It's a good thing the church was repaired in 1860, as the Colchester Earthquake struck in 1884. If the church was still in need of work then it may have been severely damaged, as it was the worst casualty was the top of the tower, where the battlements along the top collapsed. They were repaired soon after the earthquake, and the last real building work was in the 1980s, when a kitchen space and toilet were built. In the 20th century the bells have also been repaired and retuned, and in 2016 the roof and some stonework were inspected and repaired.

    Wivenhoe is a lovely church in the heart of a lovely town. It's amazing to think that it withstood an earthquake, when other medieval churches in the area weren't quite so lucky.

  5. If I’m going to write about St Nicholas at Great Hormead then it seems only fair that I write about St Mary at Little Hormead as well, over the years the smaller church has suffered in attention compared to St Nicholas.St Mary's Church, Little Hormead, Hertfordshire

    Which is ironic when you consider that St Mary’s is actually the older of the two churches. Built in the 11th century, it gets a note in the Domesday book as it had a priest who served the communities of Little Hormead and Great Hormead (both of them manors). The chancel was rebuilt in the 13th century, and a bellcote (rather than a tower) was added in the 15th. There are only two bells, but one of them is over 2 feet wide and is believed to date from the early 1400s, so would have been installed as soon as the bellcote was built.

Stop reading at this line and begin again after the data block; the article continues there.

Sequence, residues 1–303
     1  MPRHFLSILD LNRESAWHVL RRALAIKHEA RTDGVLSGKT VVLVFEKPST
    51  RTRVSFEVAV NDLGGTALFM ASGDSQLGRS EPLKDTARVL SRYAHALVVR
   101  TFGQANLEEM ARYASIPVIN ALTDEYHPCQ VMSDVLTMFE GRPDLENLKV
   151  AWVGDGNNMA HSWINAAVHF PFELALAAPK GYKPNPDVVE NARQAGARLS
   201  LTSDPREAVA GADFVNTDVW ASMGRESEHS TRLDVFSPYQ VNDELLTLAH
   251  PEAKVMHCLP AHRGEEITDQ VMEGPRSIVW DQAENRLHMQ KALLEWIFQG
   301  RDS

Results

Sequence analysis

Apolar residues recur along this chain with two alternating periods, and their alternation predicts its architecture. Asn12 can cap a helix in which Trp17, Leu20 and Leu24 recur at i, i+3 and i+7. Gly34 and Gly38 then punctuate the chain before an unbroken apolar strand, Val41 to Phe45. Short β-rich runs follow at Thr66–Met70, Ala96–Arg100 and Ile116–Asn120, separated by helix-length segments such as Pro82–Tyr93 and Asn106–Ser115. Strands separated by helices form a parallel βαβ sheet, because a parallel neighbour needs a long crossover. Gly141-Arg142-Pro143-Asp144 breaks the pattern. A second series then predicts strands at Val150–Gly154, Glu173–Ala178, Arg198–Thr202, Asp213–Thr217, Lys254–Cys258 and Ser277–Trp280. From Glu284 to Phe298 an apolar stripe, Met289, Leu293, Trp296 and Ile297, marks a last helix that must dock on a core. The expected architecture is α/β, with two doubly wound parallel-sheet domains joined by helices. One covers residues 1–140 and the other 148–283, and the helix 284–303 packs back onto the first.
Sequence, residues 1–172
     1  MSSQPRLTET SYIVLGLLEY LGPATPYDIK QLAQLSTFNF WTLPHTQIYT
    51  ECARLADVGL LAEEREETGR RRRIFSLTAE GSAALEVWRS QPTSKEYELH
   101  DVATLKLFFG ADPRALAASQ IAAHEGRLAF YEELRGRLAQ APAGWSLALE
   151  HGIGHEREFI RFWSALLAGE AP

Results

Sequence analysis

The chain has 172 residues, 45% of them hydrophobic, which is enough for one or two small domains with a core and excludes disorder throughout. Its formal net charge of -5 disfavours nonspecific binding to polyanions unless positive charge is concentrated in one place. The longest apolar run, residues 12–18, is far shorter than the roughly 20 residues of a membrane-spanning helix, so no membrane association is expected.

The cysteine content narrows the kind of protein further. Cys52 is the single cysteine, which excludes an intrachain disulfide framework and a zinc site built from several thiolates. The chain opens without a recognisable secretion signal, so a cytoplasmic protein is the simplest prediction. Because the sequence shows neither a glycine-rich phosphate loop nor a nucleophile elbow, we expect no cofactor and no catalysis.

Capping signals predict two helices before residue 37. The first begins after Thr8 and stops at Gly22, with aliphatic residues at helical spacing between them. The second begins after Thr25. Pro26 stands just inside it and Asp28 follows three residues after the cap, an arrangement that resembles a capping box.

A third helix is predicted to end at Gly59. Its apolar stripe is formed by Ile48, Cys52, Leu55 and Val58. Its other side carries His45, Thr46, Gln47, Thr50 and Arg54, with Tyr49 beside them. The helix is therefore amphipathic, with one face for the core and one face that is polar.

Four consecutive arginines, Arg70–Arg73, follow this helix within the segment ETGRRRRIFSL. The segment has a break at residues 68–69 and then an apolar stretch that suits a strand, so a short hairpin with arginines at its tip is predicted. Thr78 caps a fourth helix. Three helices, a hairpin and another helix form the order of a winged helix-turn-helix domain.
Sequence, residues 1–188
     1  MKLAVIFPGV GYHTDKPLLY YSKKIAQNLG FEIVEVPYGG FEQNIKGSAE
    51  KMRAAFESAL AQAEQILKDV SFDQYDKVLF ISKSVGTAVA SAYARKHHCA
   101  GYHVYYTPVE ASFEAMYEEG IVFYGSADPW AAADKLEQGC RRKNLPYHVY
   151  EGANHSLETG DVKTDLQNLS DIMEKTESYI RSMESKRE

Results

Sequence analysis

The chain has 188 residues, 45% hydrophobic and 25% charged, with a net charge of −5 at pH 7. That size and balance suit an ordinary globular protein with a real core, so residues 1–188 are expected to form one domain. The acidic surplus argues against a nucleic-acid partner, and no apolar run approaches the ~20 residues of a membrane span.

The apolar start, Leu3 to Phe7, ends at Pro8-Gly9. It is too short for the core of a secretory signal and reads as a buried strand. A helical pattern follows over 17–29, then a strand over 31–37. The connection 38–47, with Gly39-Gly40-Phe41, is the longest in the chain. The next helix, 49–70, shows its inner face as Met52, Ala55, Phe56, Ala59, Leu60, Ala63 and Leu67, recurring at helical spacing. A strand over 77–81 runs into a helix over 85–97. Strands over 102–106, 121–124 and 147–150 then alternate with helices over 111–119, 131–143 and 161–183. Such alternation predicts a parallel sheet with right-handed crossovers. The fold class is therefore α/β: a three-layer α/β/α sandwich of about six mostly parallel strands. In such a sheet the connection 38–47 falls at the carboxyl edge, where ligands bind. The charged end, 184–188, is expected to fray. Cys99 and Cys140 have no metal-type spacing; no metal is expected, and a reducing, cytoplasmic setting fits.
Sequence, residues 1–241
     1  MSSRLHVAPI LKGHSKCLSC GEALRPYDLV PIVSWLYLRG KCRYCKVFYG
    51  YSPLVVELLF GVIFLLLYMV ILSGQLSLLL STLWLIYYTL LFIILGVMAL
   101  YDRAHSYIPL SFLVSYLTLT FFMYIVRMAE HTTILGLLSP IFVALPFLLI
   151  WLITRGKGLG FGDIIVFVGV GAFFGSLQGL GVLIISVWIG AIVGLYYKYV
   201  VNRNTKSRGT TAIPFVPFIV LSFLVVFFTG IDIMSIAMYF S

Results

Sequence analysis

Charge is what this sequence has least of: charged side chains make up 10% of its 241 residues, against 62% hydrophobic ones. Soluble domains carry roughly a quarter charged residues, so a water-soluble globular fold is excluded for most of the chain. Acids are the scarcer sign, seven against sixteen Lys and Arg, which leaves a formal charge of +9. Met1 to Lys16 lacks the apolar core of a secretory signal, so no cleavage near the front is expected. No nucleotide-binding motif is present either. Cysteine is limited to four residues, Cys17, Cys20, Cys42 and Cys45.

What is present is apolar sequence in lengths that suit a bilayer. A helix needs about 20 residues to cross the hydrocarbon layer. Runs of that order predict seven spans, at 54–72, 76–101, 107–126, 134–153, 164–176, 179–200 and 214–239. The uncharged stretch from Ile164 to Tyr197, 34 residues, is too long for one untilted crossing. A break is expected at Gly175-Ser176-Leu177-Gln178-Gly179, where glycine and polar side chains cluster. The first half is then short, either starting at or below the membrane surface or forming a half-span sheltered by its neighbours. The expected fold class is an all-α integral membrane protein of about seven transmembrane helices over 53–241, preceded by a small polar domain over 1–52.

For such a small church, St Mary’s has some unique history evident in it. It bears a single piece of medieval graffiti – a head with a 15th century headdress carved into the wall next to the south door (the church website suggests that it could have been done by a pilgrim making their way to Walsingham in Norfolk). There is also a well-preserved door dating from the mid-1100s, which includes lovely iron decoration across the surface. There is also a Royal coat arms above one of the arches, although sources differ over whether it’s Charles I or Charles II. Either way, it suggests that during a time when Royalist sympathies were frowned upon, the people of Little Hormead weren’t afraid to show some support for their King.

    The church went through a small restoration in the 1800s, the bulk of the church seems to have been in decent condition, at least compared to other churches in the area. However Little Hormead remained a small village, and with the larger church of St Nicholas a short walk away, the parishes of Great and Little Hormead were merged in the late 19th century. The church is now under the protection of the Church Conservation Trust, while part of the churchyard is being turned in to wildlife area, sown with wild meadow flowers.

    The Church Conservation Trust is raising £5000 for the continued conservation of the 11th century door. You can find out how to donate on their website.